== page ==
But it’s also amazing, healthy, inspiring, and just downright fun when you set your mind to it.
Traditionally speaking I have never been a runner. I am not a tall man, with a naturally lean build, and long lower appendages. So running was never my forte’ or something that I particularly enjoyed.
In my earlier years I played sports. Football, track, and lifting heavy things. All took great amounts of focus, effort, skill, and hard work. They focused around short bursts of relatively brief, but very intense concentrated energy and effort. Or in other words, I was kind of lazy.
However, three years ago I entered into the Portland Shamrock Run. It was a 15K, (or 9 of those things called miles, because the united states enjoys our completely arbitrary and confusing measurement system) and although I had never ran that far before in my life, I was eager to challenge myself and compete again after high school. And being a former athlete, I figured I would just breeze through the whole thing no problem.
Boy was I wrong….
I signed up for the race with a month and a half until race day. By the end of my first week of training, I thought I would do a “long run” and “push myself” for a whole 5 miles. Even though that is beyond laughable for me at this point in my running career, by the end of the run, I was jogging at such a slow pace that walking actually might have been a more efficient use of my time.
This purposeful killing of my spirit and body continued for another few weeks, and slowly but surely my lungs stopped hating me as much and my cardiovascular endurance improved. So much so that I thought it would be a good idea to take the last week and a half off from running before the race.
When the big day came, and I had to run that 9 miles as fast as I could, it was one of the hardest things i’ve ever had to do athletically. My body and mind were challenged to continue on even when both were in a constant battle of wanting to quite or not.
I will say this though, despite how tough it is to get up and run everyday, and even complete a distance like that, I finished, and it was ridiculously exhilarating.
Now let’s fast forward to the present. I have completed three 15Ks, three 5Ks, two half marathons (13.1 miles), and ran hundreds and hundreds of miles more in my free time. Recently though, I just finished two half marathons within the last two weeks, and I thought i’d paint a picture of just what was going through my mind mile after mile for the second and most recent race I did.
“This is it? I’m killing everybody right now. Seriously, I’m not even a little tired, my pace rocks, and it’s a beautiful day. All i’ve gotta do is do this 4.3 more times and i’m good!”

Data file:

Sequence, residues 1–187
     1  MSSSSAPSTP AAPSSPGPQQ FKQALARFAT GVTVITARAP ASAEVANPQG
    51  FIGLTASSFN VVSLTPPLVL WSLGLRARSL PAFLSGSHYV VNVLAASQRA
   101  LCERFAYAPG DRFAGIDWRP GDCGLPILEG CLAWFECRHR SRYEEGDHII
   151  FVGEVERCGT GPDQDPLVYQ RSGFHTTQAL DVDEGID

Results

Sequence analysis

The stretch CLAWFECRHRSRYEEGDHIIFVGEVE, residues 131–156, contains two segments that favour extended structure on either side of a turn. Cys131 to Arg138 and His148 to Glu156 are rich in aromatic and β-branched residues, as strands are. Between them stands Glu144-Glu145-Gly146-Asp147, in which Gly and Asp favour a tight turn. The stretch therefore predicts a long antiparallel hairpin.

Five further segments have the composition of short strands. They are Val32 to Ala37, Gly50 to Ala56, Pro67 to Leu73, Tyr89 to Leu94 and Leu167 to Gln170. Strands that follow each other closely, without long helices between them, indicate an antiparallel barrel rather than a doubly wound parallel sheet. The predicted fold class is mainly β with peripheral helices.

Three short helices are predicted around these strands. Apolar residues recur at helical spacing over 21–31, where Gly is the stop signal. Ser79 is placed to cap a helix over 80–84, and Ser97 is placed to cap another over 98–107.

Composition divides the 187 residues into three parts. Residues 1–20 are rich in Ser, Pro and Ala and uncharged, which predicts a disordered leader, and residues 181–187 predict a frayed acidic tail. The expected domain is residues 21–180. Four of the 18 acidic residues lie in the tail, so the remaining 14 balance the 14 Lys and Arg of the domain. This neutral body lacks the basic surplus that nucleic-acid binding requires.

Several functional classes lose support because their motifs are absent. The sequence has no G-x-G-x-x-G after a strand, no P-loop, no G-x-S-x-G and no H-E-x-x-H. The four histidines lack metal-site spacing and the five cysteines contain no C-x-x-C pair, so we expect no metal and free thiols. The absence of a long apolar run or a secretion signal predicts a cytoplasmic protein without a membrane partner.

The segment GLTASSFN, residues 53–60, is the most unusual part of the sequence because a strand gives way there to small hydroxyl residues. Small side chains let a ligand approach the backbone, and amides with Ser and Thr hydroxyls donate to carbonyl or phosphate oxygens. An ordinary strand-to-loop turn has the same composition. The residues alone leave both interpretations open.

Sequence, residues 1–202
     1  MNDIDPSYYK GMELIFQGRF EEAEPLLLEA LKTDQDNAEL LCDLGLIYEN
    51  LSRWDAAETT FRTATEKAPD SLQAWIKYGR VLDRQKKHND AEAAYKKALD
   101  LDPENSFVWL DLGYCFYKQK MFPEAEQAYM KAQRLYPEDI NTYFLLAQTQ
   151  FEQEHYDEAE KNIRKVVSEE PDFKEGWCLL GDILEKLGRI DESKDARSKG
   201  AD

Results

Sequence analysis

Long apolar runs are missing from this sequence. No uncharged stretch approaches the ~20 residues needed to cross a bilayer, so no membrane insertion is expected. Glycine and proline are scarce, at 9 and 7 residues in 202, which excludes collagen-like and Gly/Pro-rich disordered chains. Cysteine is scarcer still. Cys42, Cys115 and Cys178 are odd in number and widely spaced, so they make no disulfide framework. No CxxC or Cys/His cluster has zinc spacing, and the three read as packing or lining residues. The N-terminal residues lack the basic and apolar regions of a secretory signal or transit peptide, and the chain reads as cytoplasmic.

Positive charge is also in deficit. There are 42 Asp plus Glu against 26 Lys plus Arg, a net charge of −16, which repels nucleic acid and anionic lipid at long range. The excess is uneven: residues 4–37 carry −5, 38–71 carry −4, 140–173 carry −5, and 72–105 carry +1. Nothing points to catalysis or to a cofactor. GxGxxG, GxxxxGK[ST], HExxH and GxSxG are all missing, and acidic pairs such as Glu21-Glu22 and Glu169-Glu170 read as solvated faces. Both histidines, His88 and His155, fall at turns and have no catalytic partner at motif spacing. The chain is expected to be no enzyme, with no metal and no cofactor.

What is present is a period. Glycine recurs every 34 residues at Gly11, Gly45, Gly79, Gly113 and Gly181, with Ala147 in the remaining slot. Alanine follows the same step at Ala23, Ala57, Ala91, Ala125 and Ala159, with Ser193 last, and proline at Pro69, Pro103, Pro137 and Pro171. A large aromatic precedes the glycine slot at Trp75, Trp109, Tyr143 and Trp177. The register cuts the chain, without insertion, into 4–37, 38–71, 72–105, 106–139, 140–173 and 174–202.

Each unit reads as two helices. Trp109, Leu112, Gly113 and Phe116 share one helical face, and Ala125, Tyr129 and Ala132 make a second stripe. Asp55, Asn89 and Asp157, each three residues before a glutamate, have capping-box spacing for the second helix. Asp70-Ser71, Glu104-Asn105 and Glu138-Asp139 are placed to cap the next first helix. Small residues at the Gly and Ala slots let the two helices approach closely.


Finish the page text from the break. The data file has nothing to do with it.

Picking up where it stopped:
Miles 4 and 5:
“Alright, slowing down a bit. But that’s ok! I’m just figuring out my pace. Those people passing me are just showing off a bit, they’re gonna regret it bigtime later on in the race.”
“Almost getting close to halfway…..I hope that’s not a cramp I feel coming on. And where are these water station people? Don’t they know that I’m in need of their services??”
“Whoop Whoop! Halfway done. Nothing can stop me. This race is practically already over. Just need to keep up the good work and glide on in to the finish line”
“Really starting to feel it now….my knees are going to hate me after today…why is this fun again…?”
“Whoa. Just forgot I had legs there for a second. One foot in front of the other Kenny, just keep swimming…swimming…swimming. That’s what Dory would want. We’re almost there…”
“There are people cheering for me….why are they so happy? There is nothing pleasant about how I feel right now…Oh wait! The finish line is close! We’ve got this! Yeeeeehaaaawww!”
I don’t even remember what went through my mind. I blacked out for the last mile, and woke up to an amazing garden full of beer, chipotle finishers burritos, and a bunch of happy, sweaty, and exhausted folks, and I was one of them. I had done it.
Running long distances wasn’t something I had ever planned on doing with my life. But now, it’s something that I cannot picture my life without.
Taking yourself to your limits like that, and then perserving through willpower alone is a feeling unlike anything else. And I feel like running reinforces that, and then rewards it. Getting done with my half marathons were easily in my top most proud moments of my life. Doing them makes me feel like anything is possible, and gives me an amazing sense of accomplishment.
So that brings me to the future. I have a full, 26 mile, and absolutely terrifying marathon up at crater lake, Washington in one month. This will be twice the distance of both of those already pretty tough races.
There are no words to describe my grab bag mixture of emotions towards what’s in store for me on this upcoming run, but I will give it my all, and leave everything on the course.
That’s what runners do. That’s what runners live for. That’s what runners crave. And I am runner now.
Who would’ve thought?